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Groups and Organization
Learning Objectives 2 Types of Groups • Understand primary and secondary groups as the two sociological groups • Recognize in-groups and out-groups as subtypes of primary and secondary groups • Define reference groups Group Size and Structure • How size influences group dynamics • Different styles of leadership • How conformity is impacted by groups Formal Organizations • Understand the different types of formal organizations • Recognize the characteristics of bureaucracies • Identify the concepts of the Mc. Job and the Mc. Donaldization of society
Types of Groups 3 Charles Horton Cooley (1864– 1929) : 2 types of groups : primary (главные ) and secondary (второстепенные) (Cooley 1909). P rimary group s • small and made up of significant others (вторая половина) and those individuals who have the most impact (влияние) on our socialization • e xpressive (выразительные) function : serve emotional need ( необходимость ) • Ex. : family Secondary groups • large and impersonal (обезличенные) • serve an instrumental function : goal- or task-oriented (ориентированные на результат) • Ex. : a classroom / office NB: Neither primary nor secondary groups are bound by strict definitions. P eople can move from one group to another : graduate seminar can start as a secondary group focused on the class, but as the students work together throughout their program, they may find common interests (общие интересы) and strong ties (тесные отношения) that transform them into a primary group.
In-Groups and Out-Groups 4 Primary groups Secondary groups in-groups out-groups. William Sumner (1840– 1910) : I n-group — the group that an individual feels s / he belongs to ( принадлежит ) , and s / he believes it to be an integral (неотъемлемый) part of who s / he is. O ut-group — a group someone doesn’t belong to ; often there may be a feeling of disdain ( презрение ) or competition (соперничество) in relation to an out-group. + s ports teams – competition , – bullying ( травля ) poorly performing ( отстающий в учебе ) students • Cyberbullying — the use of interactive media by one person to torment (причинять боль) another: sending threatening ( угрожающий ) texts, harassing (изводить) someone in a public forum (such as Facebook), hacking someone’s account and pretending (притворяться) to be him or her, posting embarrassing ( смущающий ) images online, etc. • Cyberbullying allows bullies to harass others from the privacy (секретно) of their homes without witnessing (быть свидетелем) the damage (вред). This form of bullying is dangerous because it’s widely accessible (доступно) and therefore easier to accomplish (совершить).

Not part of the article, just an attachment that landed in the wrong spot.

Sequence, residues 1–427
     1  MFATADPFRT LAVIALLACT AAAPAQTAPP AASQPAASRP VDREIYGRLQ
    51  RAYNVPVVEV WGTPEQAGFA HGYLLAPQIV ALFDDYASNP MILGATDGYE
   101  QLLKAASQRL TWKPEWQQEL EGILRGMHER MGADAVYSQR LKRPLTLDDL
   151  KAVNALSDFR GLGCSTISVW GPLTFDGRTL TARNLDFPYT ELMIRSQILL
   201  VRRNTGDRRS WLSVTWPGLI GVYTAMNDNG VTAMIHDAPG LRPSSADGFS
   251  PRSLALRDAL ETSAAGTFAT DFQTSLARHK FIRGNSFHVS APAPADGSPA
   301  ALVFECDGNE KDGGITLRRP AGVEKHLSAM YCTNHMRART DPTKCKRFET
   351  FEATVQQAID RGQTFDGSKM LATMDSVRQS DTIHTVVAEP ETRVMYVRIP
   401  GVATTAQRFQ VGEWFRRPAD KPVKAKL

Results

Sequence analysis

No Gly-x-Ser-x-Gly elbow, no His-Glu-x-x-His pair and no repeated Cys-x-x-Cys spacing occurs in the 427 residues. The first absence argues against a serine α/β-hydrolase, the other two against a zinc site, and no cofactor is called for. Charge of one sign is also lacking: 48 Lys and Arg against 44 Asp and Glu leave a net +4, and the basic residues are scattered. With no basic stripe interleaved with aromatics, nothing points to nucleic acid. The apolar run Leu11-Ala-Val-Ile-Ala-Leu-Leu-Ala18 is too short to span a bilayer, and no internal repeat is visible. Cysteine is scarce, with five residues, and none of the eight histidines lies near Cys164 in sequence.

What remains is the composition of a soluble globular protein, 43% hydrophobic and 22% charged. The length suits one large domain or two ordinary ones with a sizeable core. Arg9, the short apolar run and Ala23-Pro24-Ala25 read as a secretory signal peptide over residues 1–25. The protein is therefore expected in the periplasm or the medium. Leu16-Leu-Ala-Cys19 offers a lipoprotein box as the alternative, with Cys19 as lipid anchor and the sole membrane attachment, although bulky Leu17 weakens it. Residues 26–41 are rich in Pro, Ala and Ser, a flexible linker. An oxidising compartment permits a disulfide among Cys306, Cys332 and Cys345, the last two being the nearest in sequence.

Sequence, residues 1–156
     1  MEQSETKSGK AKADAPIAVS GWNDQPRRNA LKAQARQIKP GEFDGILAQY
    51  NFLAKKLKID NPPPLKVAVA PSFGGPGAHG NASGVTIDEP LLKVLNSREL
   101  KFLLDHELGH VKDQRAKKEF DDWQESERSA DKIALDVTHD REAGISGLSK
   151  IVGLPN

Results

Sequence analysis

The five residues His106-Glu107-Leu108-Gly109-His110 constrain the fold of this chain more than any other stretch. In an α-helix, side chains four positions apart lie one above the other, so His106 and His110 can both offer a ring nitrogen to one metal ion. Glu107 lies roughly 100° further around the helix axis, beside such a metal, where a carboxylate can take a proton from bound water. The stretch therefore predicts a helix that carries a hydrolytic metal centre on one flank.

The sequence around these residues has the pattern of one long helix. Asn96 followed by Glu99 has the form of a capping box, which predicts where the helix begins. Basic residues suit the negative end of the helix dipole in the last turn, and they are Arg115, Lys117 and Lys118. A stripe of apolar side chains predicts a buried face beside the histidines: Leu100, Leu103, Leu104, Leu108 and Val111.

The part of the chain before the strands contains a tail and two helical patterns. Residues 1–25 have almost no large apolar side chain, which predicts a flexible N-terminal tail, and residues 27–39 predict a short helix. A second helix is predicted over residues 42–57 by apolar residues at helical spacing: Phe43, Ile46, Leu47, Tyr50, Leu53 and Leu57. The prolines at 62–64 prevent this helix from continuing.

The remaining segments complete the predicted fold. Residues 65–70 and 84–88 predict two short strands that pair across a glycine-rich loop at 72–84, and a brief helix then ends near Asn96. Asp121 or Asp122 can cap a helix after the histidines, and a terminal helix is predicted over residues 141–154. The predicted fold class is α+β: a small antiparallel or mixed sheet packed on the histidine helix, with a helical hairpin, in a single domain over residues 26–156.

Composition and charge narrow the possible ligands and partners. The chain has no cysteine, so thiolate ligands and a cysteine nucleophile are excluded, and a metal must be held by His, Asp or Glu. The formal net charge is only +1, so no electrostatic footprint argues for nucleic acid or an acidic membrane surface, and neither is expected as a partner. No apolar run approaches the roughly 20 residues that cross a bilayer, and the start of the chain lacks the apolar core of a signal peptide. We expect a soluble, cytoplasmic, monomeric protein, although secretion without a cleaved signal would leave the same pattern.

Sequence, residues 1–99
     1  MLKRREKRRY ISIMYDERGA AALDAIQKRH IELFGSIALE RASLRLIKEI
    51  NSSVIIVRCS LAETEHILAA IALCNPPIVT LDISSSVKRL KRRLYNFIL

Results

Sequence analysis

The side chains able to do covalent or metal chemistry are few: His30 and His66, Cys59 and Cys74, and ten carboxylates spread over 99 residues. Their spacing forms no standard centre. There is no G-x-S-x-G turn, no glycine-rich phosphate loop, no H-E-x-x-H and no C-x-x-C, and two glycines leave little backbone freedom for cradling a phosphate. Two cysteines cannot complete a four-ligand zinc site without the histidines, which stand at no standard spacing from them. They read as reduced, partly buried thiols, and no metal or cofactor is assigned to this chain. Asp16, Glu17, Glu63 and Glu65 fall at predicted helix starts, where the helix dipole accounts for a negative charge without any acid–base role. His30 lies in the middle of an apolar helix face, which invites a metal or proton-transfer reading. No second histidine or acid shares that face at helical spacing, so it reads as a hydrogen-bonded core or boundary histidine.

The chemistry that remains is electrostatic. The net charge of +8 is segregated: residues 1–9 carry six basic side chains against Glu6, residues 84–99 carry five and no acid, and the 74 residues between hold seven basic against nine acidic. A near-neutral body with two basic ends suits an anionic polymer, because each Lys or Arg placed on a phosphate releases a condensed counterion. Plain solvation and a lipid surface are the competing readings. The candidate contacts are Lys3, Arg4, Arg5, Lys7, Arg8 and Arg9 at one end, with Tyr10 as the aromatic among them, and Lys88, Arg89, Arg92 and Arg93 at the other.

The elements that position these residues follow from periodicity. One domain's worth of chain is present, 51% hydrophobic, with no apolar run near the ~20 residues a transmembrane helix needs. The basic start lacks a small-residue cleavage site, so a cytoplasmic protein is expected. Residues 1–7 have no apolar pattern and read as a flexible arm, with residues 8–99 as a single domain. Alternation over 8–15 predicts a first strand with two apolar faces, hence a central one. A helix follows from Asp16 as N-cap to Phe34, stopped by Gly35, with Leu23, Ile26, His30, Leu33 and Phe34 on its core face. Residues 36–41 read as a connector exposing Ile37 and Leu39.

Reference Groups 5 R eference ( авторитетное лицо ) group — a group that people compare themselves t o, ususally peer groups (сверстники). • 1< R eference group s: a middle school boy might not just look at his classmates but also at his older brother’s friends and see a different set of norms. • O ften, ref. groups convey ( выражать) competing (противоречивые) messages: on TV young adults often have wonderful apartments, cars, and lively social lives despite not holding a job. In music videos, young women might dance and sing in a sexually aggressive way that suggests experience beyond their years. • At all ages, we use reference groups to help guide (направлять) our behavior (поведение) and show us social norms. Identifying (определение) reference groups can help you understand the source of the social identities you aspire to (стремиться) or want to distance (отдалить) yourself from.
Group Size and Structure 6 Small groups: nuclear family, a dyad, or a triad. Georg Simmel (1858– 1915): difference between a dyad , or two-member group, and a triad , which is a three-member group (Simmel 1902). Dyad : if one person withdraws ( уходить ), the group can no longer exist ( существовать ). Ex. : divorce (развод); two best friends never speaking again. Triad : if one person withdraws, the group lives on ( продолжать жить ). If there are three in the group, two-against-one (2 против 1) dynamics can develop and there exists the potential for a majority opinion on any issue (по любому вопросу). • Small groups : strong internal cohesiveness ( внутренняя связь ). The challenge, however, is to achieve large goals because they are easier to ignore than large groups.